The Feeling play Chichester’s Priory Park Festival on Saturday, July 9 on the back of the release of their fifth album, an album called simply The Feeling.
Frontman Dan Gillespie Sells feels they have captured their own sound at last.
“We have had a great reaction to it,” he says.
“We knew it was going to be good when we heard it mixed, but we knew we were taking a risk by recording it the way we did, basically by doing everything live, just recording everything as is, without overdubbing.
“We wanted it to sound exactly as we do when we play live.
“A lot of people over the years have said to us (after gigs) ‘Why don’t you sound this rocky on your records?’ or whatever.
“They say there is something extra that you get at the concerts, and we realised that thing you get is five people reacting spontaneously to each other. We decided to go back and record in the way that a lot of our heroes did, just go in there, press the red button and let it roll.
“The modern conventional way is to lay down the drum track, and then maybe you put the bass on, and then you add and add, building it up piece by piece, and that’s great and that’s fine. But we didn’t want that. We didn’t want click tracks. If you speed up, you speed up and that’s fine. If you slow down, you slow down.”
The band had the confidence they could do it.
“We have been playing together as a band for 20 years now. We had our ten years together first in the wilderness before it all took off.
“We were just going around playing and doing all kinds of stuff, but basically we have been playing together since we were 16.”
And maybe that explains why the band has lasted the course across ten years now of success.
“We managed to sustain ten years of failure. Sustaining ten years of success is much easier! But yes, there was pressure when it happened for us.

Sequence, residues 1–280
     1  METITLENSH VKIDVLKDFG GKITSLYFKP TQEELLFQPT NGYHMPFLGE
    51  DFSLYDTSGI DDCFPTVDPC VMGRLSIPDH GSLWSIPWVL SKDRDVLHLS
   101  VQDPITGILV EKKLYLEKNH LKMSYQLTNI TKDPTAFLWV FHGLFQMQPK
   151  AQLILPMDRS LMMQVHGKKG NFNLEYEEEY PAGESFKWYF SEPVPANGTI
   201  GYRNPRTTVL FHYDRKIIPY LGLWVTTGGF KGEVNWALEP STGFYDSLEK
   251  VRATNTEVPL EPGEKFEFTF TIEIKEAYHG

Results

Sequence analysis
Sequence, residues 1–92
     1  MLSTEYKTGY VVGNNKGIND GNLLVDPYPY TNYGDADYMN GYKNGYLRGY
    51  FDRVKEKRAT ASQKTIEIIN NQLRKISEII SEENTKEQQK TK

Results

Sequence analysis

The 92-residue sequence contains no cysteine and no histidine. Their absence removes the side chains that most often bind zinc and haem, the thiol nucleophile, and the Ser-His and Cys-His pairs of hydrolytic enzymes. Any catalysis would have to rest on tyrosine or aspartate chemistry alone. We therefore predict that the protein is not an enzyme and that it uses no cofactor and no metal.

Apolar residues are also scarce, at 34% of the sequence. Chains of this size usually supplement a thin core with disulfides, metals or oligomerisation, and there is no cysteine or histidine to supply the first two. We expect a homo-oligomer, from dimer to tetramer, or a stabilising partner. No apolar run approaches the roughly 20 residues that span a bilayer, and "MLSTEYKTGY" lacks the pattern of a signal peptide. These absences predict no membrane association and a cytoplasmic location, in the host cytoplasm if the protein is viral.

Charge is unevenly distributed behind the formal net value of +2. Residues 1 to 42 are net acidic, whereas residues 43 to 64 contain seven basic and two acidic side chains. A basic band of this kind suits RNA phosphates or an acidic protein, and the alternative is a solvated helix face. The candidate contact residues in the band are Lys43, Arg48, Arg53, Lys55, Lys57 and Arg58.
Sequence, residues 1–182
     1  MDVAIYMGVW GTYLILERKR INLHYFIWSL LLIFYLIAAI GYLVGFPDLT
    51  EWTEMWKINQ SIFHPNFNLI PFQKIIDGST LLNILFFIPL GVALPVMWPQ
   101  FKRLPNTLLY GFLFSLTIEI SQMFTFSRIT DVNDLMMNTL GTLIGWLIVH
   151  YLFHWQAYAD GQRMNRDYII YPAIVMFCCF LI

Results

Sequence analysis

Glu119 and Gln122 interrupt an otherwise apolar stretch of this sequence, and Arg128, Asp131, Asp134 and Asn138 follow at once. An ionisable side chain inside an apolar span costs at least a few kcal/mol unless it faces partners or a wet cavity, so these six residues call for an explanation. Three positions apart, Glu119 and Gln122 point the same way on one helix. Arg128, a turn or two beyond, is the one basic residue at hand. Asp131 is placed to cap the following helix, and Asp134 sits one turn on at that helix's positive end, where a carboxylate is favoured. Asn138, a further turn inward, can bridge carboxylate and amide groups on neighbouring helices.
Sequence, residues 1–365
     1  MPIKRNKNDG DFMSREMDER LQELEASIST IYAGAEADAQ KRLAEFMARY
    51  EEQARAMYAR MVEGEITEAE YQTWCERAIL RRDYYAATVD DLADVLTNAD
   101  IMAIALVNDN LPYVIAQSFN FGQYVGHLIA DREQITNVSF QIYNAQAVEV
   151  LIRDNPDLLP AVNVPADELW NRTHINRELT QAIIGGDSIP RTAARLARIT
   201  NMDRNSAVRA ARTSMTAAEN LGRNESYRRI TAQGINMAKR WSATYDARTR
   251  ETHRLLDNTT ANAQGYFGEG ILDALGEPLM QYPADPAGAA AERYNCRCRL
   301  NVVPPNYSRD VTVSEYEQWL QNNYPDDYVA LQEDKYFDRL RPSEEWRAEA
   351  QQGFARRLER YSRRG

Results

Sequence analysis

“That was part of success. It was hard to know where to go next after the first album.
“The first album was such a surprise that it was successful. Our style was to be deliberately unfashionable, like two fingers up at supercool rock. We wanted our music to be pop with hooks and harmonies and all the things that weren’t cool in 2006, and yet it worked. We did it more as an experiment, and then when it was successful, it was suddenly fashionable and you are thinking what next, so what do you do?”
Catchiness has always been important, but so too has substance: “I know I am good at writing hooks, but that does not mean that I am a good songwriter. You need to give the song substance and a purpose. It’s fine if that purpose is that it is something to dance to on a Saturday night. You just need a purpose.”
And with the latest album, they’ve found themselves.
“It is called The Feeling because it is probably the album that is the most stripped-bare and honest and just five instruments in a room and the album where you can hear the members really gelling as a band.
“Our fourth album was our return to form after a third album that wasn’t brilliant. The fourth album was a really solid album where we wrote what we needed to write. We are really pleased with this album now.”
Tickets for the three-day Priory Park Festival, part of the Festival of Chichester, are available from www.chichesterlive.co.uk.
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